I'll start with the mildly ugly and then jump head first into the really ugly.
First, the major rewrite of the city's rules governing landscaping and fencing is up for its second reading. In an earlier post, I rattled on about how intrusive this revision will be, and if I get the chance tonight or tomorrow, I'll take one more stab at trying to get the word out. If it passes in its current form and you find yourself under the code compliance microscope, I'd suggest you hold your Council member responsible. After all, I'd be surprised if even 1% of Pomona residents even know about the ordinance, so who else should we blame but our elected representatives. If you care to read it, here you go!
Next in the ugly list is the Public Hearing appealing the Historic Preservation Commission's denial of a Certificate of Appropriateness. Although I belong to Pomona Heritage, on the issue of trees is where I diverge from their publicly stated opinion. I don't believe that every tree in every yard should reach a protected status simply because it's trunk diameter exceeds 10 inches. I also disagree with taxing historic district residents $500 just to find out if their tree CAN be removed. If trees are so precious in this city, why not extend the tree preservation to the rest of the city? Is a mature tree in south Pomona less beneficial to that Pomona neighborhood? Won't future generations from those neighborhoods also benefit from a mature tree canopy if we take the time today to plant trees and also protect the larger specimen trees.
- The particular case before the City Council has to do with several trees in the backyard of a home on McKinley. According to the report, one of the trees is a mere 36 inches from the house and the residents were denied permission for removal. The residents were also denied permission for the removal of several queen palms that are running over and under electrical lines. As stated, all these trees are in the resident's backyard. This lot is not overly large and one carefully chosen shade tree to replace this hodgepodge could provide shade for generations of homeowners. I should also point out that even the city arborist suggested removal, so the city is looking at potential litigation if they deny the appeal and an individual is injured or the structure is damaged. Just as a reminder, this resident has now paid $500 to the city and achieved nothing. This $500 could have gone to a mortgage payment, a car payment, groceries, or to buying clothing. I wonder, if given a vote, how many historic district residents would support tree protection if they knew it would cost $500 just to ask permission. Hmmmmm.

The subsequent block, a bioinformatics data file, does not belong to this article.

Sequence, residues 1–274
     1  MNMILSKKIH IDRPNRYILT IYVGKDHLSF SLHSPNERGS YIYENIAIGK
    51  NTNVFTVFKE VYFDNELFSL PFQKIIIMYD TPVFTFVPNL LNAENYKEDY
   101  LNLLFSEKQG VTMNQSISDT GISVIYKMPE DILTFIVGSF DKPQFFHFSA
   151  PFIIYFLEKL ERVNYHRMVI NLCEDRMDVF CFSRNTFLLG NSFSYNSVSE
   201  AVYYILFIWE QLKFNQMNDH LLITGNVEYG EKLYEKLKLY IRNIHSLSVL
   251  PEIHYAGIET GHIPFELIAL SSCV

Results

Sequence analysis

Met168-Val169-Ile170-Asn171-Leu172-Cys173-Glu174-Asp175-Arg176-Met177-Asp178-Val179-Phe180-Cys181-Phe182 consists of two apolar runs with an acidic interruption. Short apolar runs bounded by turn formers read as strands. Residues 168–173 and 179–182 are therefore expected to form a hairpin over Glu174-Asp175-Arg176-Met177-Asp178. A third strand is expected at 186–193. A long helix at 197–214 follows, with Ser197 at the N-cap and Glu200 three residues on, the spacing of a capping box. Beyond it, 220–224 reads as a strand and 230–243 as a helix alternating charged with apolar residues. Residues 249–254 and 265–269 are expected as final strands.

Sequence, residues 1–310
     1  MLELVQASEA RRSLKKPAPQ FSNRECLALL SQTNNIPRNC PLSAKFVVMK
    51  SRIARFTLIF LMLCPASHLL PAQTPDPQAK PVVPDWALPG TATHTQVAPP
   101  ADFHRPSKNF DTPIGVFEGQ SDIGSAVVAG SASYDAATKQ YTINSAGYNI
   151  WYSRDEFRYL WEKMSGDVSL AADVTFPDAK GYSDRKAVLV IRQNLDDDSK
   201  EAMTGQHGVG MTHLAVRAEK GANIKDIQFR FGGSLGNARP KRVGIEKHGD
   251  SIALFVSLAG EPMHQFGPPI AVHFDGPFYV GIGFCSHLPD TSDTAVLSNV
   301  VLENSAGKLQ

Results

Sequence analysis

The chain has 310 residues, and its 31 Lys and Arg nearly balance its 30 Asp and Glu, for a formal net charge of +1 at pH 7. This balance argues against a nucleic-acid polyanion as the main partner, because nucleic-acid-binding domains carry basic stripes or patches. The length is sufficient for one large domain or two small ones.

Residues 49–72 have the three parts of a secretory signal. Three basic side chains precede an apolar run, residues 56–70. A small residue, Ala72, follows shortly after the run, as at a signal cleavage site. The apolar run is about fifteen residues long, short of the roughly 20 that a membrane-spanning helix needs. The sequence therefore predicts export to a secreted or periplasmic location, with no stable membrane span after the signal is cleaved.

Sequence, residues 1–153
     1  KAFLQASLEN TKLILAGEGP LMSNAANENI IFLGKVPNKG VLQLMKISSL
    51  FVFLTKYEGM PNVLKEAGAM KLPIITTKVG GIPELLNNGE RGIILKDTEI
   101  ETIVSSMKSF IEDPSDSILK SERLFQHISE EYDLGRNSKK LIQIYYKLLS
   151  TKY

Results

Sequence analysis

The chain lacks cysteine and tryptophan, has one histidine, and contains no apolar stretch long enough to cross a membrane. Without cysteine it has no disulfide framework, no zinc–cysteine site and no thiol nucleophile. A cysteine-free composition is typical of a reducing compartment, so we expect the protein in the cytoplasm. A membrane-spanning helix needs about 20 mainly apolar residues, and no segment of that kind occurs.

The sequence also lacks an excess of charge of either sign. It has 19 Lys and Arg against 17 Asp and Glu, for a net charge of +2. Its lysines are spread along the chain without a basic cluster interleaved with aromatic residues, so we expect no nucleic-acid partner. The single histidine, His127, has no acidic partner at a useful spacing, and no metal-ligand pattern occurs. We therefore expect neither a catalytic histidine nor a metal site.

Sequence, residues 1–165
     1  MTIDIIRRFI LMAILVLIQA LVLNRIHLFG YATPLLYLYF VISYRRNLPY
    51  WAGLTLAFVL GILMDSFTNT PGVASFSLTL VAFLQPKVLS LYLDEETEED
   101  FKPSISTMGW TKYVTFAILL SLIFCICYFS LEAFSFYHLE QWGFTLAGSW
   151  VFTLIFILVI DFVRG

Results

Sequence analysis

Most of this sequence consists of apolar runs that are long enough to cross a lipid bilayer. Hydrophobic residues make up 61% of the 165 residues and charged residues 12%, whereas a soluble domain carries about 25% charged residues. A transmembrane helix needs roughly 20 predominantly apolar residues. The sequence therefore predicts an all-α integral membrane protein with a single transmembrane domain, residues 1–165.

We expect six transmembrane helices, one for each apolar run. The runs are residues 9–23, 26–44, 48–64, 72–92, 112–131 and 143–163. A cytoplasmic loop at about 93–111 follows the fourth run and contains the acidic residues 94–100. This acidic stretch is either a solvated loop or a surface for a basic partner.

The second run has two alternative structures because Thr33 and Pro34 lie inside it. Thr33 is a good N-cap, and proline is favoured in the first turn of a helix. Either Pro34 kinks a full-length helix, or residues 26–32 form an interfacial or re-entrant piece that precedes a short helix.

Okay, now for the really ugly. If you didn't know, the recently deceased, long-time elected representative from Pomona, Nell Soto, had been an advocate of the Safe Routes to School program for many years. This program makes funds available for cities to encourage children to walk or ride their bikes to school. I've written posts about biking and traffic safety in the past and will have a few more during bike-to-work week, so I'll limit my discussion to what I find particular egregious in this City Council agenda. In Item 5, we find several projects that the public works department would like to submit for possible funding through the Safe Routes to School program. Of the 5 projects initially identified, three have been considered to be a higher priority and therefore have become the basis for this request. The project I find disconcerting (well, downright ugly) is the proposal to close off Monroe ave at Orange Grove as a higher priority project than traffic alterations in front of Yorba Elementary and Garey High School. How a city can justify using this money for the closure of Monroe when it's intended for encouraging children to walk or bike to school is beyond even the greatest leaps of my imagination? At a time when childhood obesity is at record levels and in a community where forcing parents to drive their children to school creates a financial burden on families, city employees believing a project that will benefit only a handful of residents in one of the historic districts is a higher priority than the two other identified projects should be raising more than a few highbrows on the city council. Here is the school boundary map for PUSD and you can see that it's unlikely to benefit few if any Lincoln Elementary students and in fact, this closure will probably encourage more drivers to cut through other residential streets (particularly Garfield), making the Lincoln Park neighborhood less conducive to pedestrian and bike traffic. If you take the time to drive by our city's schools, I think even the most ambivalent could generate a list of projects that will encourage child safety more than the closure of a side street next to the freeway.
I'm not opposed to closing the street, but when we're requesting money that is intended to benefit children, let's actually put the interest of the city's children first. Sorry for venting, but I felt nauseous after reading this agenda item late Saturday night. Please take a few minutes to send a message to the city that the residents do care and we are watching.
Items I still need to read:
Redevelopment Agency Annual Report